A captivating, if slightly uninspired, tale of two lost souls.
Niels Arden Oplev’s (The Girl with the Dragon Tattoo) first english-language film is a bit of a double edged sword. It manifests his talents as a director, especially one with a European touch that could become a big presence in Hollywood. On the other, the script from J.H. Wyman (Fringe) just doesn’t have quite enough meat on its bones. Yet, in anyone else’s hands, the results probably wouldn’t have been as good. Oplev is able to take the story, which could have big melodramatic overtones, and keep it all subdued, giving everything just enough rise when it needs it. It makes for a film that has a great neo-noir look and even if flat at times, holds interest throughout.
The story he’s working with revolves around Victor (Colin Farrell), a mobster under the tutelage of Alphonse (Terrence Howard), who comes into contact with his neighbor Beatrice (Noomi Rapace). Her face has recently been reconstructed after a car crash and is dealing with issues of insecurity. While their meeting is under the pretense that she likes him (which, if quite honestly, is an obvious aspect of the film but one which Oplev handles well), she actually confesses that she saw, and recorded, him killing a man. She threatens to turn him over to the police, but will resist if he kills the man who caused her car accident and only received three weeks in jail for his DUI. Through this arrangement, as if Victor has any choice, their lives become entangled and even a friendship develops. But Victor has a secret of his own, he’s actually working to bring down Alphonse and his operation, because he was responsible for the death of Victor’s wife and daughter years before.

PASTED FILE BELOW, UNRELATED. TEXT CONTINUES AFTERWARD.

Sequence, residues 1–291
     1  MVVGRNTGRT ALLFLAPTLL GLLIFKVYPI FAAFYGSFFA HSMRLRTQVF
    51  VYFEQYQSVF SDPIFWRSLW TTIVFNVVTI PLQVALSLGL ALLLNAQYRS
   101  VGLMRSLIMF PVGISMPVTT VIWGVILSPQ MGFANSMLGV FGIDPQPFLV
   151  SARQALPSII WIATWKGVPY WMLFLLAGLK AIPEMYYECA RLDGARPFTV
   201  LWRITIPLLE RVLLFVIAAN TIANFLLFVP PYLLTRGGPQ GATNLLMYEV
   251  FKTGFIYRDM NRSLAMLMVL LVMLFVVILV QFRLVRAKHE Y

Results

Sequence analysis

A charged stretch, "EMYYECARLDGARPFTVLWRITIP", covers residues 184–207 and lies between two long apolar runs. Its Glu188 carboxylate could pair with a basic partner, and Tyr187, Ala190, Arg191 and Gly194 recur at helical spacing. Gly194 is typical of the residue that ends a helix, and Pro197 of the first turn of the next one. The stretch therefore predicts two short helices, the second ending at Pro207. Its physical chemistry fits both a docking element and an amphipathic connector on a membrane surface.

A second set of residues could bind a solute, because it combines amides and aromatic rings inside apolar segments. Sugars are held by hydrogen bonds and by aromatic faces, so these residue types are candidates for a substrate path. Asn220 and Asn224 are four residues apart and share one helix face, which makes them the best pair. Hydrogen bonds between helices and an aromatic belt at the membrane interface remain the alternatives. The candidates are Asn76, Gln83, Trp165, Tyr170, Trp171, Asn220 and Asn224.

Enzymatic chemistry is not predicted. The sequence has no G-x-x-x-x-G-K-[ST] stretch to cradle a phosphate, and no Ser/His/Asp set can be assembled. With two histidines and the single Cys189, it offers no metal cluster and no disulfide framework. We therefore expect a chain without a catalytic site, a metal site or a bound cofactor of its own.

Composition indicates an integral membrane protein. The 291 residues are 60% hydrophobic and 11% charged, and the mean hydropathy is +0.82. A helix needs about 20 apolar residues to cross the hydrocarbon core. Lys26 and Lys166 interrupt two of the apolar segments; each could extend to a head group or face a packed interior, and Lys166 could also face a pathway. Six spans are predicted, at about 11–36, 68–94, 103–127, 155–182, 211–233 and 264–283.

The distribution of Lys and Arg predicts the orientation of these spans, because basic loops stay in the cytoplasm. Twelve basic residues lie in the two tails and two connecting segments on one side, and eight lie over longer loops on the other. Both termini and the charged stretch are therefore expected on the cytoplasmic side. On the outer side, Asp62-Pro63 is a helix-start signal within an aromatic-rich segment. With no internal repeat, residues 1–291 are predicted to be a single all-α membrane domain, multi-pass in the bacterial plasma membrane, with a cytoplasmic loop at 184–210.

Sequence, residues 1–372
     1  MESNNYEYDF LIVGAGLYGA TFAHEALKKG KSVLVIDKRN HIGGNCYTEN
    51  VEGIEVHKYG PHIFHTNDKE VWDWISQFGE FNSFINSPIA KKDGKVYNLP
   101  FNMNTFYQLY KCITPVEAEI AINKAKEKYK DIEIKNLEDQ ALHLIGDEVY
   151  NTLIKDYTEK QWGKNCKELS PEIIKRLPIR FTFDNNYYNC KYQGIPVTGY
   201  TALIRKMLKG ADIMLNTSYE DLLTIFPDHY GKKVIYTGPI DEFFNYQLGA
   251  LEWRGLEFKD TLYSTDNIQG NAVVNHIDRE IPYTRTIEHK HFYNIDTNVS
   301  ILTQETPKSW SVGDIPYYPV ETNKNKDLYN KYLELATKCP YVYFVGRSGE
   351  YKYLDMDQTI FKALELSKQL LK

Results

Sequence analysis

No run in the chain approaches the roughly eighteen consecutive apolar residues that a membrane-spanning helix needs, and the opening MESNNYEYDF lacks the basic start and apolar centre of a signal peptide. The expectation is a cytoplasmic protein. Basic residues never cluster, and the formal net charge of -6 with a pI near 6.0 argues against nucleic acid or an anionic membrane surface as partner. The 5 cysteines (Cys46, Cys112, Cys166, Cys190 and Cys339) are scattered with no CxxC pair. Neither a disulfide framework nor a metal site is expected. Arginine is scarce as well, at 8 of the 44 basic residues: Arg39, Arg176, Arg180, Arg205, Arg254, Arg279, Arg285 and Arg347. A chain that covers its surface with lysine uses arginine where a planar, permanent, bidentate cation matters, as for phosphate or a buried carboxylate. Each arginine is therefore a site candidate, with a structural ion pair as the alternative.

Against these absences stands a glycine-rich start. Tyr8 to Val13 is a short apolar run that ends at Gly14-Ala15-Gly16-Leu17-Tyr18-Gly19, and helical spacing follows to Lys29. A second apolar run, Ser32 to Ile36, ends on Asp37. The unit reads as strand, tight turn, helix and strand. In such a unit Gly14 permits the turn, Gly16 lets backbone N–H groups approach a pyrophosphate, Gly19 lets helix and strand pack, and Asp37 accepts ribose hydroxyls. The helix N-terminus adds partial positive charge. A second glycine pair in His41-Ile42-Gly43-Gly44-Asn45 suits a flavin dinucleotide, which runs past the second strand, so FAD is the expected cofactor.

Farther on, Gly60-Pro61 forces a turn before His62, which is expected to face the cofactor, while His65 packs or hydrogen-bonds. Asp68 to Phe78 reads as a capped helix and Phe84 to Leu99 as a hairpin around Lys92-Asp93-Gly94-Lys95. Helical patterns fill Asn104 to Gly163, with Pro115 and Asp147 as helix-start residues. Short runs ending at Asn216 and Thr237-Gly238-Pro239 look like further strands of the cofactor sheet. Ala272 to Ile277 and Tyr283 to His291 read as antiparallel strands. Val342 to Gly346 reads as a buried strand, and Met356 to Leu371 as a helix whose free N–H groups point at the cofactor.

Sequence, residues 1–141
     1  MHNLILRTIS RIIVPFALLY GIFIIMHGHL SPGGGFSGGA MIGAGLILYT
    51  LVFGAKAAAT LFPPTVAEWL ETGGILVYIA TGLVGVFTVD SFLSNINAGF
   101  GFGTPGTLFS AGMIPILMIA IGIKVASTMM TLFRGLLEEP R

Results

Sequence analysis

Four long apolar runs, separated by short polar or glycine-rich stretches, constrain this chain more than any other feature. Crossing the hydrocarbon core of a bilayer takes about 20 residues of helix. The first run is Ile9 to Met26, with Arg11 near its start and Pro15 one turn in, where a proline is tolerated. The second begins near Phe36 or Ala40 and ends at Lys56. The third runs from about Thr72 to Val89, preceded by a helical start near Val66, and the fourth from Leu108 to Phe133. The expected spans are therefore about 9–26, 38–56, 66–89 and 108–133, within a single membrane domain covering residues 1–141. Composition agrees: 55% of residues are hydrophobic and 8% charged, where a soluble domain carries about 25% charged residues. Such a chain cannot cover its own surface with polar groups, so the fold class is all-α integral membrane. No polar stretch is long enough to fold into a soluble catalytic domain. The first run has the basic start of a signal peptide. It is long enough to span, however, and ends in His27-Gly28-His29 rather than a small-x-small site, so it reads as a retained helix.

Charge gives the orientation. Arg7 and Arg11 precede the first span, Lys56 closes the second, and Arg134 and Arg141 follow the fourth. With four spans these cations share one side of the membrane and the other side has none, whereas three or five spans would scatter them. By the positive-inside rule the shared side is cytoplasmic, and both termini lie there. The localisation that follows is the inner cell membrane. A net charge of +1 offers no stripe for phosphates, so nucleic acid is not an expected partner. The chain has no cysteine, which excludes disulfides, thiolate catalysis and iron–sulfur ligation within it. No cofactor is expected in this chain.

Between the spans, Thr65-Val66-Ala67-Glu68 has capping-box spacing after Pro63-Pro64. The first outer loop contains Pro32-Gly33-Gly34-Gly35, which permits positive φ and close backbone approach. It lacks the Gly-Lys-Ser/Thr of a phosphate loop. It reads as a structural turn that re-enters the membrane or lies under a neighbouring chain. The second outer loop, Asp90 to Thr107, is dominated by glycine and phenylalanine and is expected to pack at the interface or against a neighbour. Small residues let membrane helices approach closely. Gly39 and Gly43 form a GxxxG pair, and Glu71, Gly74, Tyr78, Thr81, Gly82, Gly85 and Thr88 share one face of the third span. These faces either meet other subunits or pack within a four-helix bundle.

Where Oplev really succeeds is with the relationship of Victor and Beatrice. She blackmails him, believing him to be some hardened gangster who kills for fun. But she soon learns that he’s as broken as, if not much more so than, her. They both live in the past, wishing they could undo what’s done and embrace vengeance as their only solution to mend their hurt. What doesn’t hurt is the chemistry between Farrell and Rapace which is strong , if restrained, and reluctantly brings them both back to life. Oplev allows their budding relationship to breathe rather than forcing it to grow. From the beginning, there’s an obvious spark but Beatrice’s blackmail threatens to squash it. It’s only as they spend more time together, initially through plans on how to kill the man, but also because Beatrice’s Mother Maman (Isabelle Huppert) is obviously clueless to their plan and only sees a possible relationship, pushing Beatrice towards him while treating him as an object of Beatrice’s affection, that they do see each other as objects of their respective affection. Farrell and Rapace are each other’s equal, one half resisting anything for the obvious reasons, but the other half unable to resist. It’s through this that Oplev proves his mastery as a director.
Unfortunately, it’s the other side of the film that tends to drag. Victor wants to bring down Alphonse and his crew, and continuously sets up traps for him and his men to fall into, while they frantically try to figure out who the perpetrator is. It’s pulled off well, but it’s just never that interesting. And that may be because the relationship between Victor and Beatrice is. It has an undercurrent that’s missing from Victor’s revenge plot. It’s not terrible but it’s not terribly exciting either. Despite that, Oplev is able to hold interest throughout these scenes, without allowing the film to drag.
In the end it’s a better than an average thriller, with some action, but one that would surely have been an even more boring mess in someone else’s hands. Oplev imbues it with a noir hue that really works in the scenes with Beatrice and Victor, but the action sequences defy that noir sensibility and enter into action-trash territory. It’s a fine line Oplev walks, but he comes out on top, only if with enough momentum to hope he can top it.
Rating: 3.5 out of 5